This year’s top 10 business applications stories show an increasing corporate IT appetite for better collaboration in and between organisations and their suppliers, and a continued engagement with the cloud paradigm.
Companies and organisations are trying hard to transcend email, and its "reply to all" mode of pseudo-communication.
SAP seems determined to be a consistent strategic partner with its customers, as illustrated by its long-established relationship with Unilever. SAP and Oracle figure, inevitably, as the business applications giants with which user organisations contend.
The strategy for SAP’s Success Factors attracted reader interest, as did Oracle’s applications support "time bomb". But the deployment of institute of financial services systems and an account of Infor’s cloud-centric strategy also drew reader traffic.
Computer Weekly’s premium content editor Bill Goodwin rounds up a CW500 Club meeting on better collaborative working and engaging the soul at work. Testimony from Virgin Media, City & Guilds and the BBC on unified communications.
How Unilever, the Anglo-Dutch consumer goods company, works hand in glove with SAP in “speeding up its growth”, according to senior executives at the two firms.
Unilever is one of 25 global customers with which SAP works on a “co-innovation” partnership basis, says Franck Cohen, president EMEA at SAP.
More on business applications
- Social media integration with core business applications still lacking
- Business application hosting on-premises vs. cloud options
- The benefits and broader applications of a multichannel strategy
- Half of CIOs believe business has too many applications
- Data scientist demand evident in applications to new course
Former Unilever CIO Willem Eelman, who transitioned from the finance function to the chief information role he held for four years, says the company has been a “long-term customer of SAP, but it had been a fragmented presence [until recent years]”.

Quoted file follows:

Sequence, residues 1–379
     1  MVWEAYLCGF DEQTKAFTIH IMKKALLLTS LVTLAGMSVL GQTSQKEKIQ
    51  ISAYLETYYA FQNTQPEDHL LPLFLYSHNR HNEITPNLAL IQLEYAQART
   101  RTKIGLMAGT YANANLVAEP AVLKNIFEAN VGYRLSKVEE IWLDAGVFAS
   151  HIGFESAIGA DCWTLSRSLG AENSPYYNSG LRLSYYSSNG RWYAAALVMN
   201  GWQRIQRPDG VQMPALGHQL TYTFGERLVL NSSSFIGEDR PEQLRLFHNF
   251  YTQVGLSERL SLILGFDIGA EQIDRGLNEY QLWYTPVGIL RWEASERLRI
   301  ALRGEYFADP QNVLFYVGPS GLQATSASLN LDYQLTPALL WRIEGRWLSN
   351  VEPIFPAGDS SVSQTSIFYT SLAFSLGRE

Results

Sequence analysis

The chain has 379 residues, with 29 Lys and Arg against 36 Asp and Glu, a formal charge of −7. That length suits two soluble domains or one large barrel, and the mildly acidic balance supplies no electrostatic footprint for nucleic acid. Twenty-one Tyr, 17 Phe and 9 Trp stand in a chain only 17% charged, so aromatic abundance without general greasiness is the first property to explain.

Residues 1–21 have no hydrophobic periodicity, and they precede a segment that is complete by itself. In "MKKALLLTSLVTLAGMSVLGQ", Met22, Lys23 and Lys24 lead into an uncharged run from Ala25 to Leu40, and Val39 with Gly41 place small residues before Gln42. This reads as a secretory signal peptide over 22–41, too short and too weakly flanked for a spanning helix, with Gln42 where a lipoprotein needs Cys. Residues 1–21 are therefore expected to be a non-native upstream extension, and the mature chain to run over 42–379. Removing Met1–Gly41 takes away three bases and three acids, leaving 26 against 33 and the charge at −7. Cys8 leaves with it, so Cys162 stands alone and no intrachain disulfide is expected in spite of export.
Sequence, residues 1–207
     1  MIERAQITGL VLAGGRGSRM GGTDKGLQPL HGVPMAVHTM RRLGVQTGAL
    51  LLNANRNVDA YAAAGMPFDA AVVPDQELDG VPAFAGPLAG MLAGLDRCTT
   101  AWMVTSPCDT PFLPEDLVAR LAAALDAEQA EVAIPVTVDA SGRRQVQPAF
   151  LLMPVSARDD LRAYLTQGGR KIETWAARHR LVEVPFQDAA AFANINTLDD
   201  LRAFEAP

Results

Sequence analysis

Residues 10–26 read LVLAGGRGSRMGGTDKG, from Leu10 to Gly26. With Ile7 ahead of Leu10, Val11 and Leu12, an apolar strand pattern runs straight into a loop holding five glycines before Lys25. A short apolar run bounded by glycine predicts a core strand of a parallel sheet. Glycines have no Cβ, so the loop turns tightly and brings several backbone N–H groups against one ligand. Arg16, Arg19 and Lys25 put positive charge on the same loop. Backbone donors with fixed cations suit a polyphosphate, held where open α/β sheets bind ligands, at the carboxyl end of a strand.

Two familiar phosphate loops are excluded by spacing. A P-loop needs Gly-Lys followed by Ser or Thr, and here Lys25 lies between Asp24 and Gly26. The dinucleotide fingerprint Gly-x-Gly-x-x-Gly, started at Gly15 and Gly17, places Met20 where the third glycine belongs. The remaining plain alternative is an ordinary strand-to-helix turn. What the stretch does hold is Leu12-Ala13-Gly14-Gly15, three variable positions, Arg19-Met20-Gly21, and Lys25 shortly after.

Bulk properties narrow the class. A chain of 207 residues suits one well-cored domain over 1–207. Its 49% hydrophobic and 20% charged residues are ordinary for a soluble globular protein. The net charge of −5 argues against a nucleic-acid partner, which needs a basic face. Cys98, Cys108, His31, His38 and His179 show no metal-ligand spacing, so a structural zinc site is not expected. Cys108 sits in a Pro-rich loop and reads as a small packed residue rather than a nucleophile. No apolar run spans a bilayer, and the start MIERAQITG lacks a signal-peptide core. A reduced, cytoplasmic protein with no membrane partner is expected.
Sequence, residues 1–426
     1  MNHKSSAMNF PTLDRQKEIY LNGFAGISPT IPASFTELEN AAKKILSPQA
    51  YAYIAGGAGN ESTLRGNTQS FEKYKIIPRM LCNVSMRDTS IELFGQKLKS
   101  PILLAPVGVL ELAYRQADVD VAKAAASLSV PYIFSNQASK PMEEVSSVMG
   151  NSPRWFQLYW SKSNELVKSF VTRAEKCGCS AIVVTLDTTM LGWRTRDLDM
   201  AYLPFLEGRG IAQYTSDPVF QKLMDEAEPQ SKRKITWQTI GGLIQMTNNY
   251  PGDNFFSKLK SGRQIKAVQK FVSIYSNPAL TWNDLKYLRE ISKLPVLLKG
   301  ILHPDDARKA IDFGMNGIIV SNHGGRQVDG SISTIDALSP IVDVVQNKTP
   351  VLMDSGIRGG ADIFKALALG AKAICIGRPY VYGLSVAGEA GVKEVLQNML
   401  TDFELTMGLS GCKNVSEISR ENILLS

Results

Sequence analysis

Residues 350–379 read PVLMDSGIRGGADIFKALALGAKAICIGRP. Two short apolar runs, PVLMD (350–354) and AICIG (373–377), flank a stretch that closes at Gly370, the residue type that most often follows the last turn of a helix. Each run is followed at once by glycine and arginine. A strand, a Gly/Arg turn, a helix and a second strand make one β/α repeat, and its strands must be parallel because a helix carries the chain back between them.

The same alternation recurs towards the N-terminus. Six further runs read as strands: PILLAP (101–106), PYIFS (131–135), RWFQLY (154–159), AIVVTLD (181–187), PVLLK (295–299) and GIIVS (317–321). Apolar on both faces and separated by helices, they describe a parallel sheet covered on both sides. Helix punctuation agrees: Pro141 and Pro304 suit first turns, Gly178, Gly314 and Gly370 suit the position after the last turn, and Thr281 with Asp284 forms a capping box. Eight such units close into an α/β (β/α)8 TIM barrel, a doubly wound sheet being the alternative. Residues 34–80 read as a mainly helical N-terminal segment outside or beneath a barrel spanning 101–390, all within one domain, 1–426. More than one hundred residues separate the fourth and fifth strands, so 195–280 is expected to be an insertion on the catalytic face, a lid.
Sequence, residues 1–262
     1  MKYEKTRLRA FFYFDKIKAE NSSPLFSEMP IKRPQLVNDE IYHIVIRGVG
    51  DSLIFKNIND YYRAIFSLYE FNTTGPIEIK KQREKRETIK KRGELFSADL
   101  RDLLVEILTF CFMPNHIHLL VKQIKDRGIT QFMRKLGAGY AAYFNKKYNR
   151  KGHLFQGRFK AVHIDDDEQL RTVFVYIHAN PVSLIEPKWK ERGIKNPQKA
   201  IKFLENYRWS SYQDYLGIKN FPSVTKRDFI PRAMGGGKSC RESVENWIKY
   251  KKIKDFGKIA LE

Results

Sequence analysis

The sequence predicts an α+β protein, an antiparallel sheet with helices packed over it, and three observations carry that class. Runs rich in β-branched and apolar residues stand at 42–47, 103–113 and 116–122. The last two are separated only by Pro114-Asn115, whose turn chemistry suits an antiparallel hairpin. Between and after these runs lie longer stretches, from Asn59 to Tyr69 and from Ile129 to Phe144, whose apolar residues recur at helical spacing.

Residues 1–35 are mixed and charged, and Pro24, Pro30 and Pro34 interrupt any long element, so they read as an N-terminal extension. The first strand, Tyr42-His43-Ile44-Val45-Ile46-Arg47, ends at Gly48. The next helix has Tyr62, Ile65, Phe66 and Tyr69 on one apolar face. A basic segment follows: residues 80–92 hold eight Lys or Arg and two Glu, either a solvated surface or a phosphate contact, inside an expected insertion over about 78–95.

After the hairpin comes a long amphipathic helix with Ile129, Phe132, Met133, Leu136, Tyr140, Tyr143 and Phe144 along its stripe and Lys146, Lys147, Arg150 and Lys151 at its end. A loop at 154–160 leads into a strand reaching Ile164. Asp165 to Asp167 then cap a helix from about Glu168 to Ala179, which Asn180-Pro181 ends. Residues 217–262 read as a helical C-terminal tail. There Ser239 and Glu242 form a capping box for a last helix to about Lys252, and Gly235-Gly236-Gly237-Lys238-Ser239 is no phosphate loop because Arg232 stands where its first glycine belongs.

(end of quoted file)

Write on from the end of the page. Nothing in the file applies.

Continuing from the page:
Computer Weekly’s managing editor, Cliff Saran, reported in April on how organisations still running Oracle E-Business Suite release 11.x have less than a year to move to the 12.x release. Many have yet to start their migration project. Oracle has said that, while its Sustaining Support service for Oracle E-Business Suite release 11.5.10, will be provided from December 2013 to December 2015, it will only provide payroll regulatory updates for the US, Canada, UK and Australia for fiscal years ending in 2014.
Mike Ettling, global head of cloud and on-premise HR at SAP, talks to Computer Weekly about the company’s strategy for its SuccessFactors cloud HR technology.
Italian correspondent Piero Macri writes on how the cloud computing market is growing in Italy. Research from the Politecnico of Milan shows 2013 cloud investment at €1.18bn, 31% up on 2012.
Claudio Umana, CIO of Fracarro Group, an audio-video data systems company based in Castelfranco Veneto, says: “The new paradigm of IT as a service drives everyone to think in a different way. It doesn’t mean rewriting the old principles by means of a lower-cost infrastructure – that’s just a small part of the game. Cloud asks for a new way of representing IT, a way to add value from a business perspective.”
Duncan Angove is president of business applications company Infor, and is part of an ex-Oracle senior management team that has reset the company’s strategy in recent years. Here he talks to Computer Weekly’s business applications Editor, Brian McKenna.
Morrison Utility Services digs and fills in holes in the road more efficiently with cloud-based mobile workforce management tool ETAdirect from TOA Technologies. Reported benefits include a 15% reduction in travel time and reduced fuel costs of £2,288 per field team. For this business process improvement, it received a Computer Weekly enterprise software award in the cloud category.
Jessica Twentyman asks whether it is time to scrap the annual employee performance review. After all, the results it produces do not seem to be those that many business leaders would welcome, among them resentment, annoyance and stress. Can technology help?
Lindsay Clark examines Standard Life’s decision to adopt Oracle’s cloud-based Fusion applications in 2011. From its headquarters in Scotland, the savings and investment firm was an early adopter of Fusion to support its HR function – it employs some 9,000 people around the world. But its main reason for adoption was not because Fusion was in the cloud. It was rather an opportunity to standardise business processes. Sandy Begbie, group operations officer, says the company adopted the software globally without any customisation.
Lindsay Clark tells the story of multinational minerals firm Imerys’ upgrade of its IFS enterprise resource planning system. Born of technical necessity, the project has yet born ancillary business benefits, such as document management features, which will store 16,000 environment, health and safety documents. The upgrade has boosted the executive team's confidence in IT projects.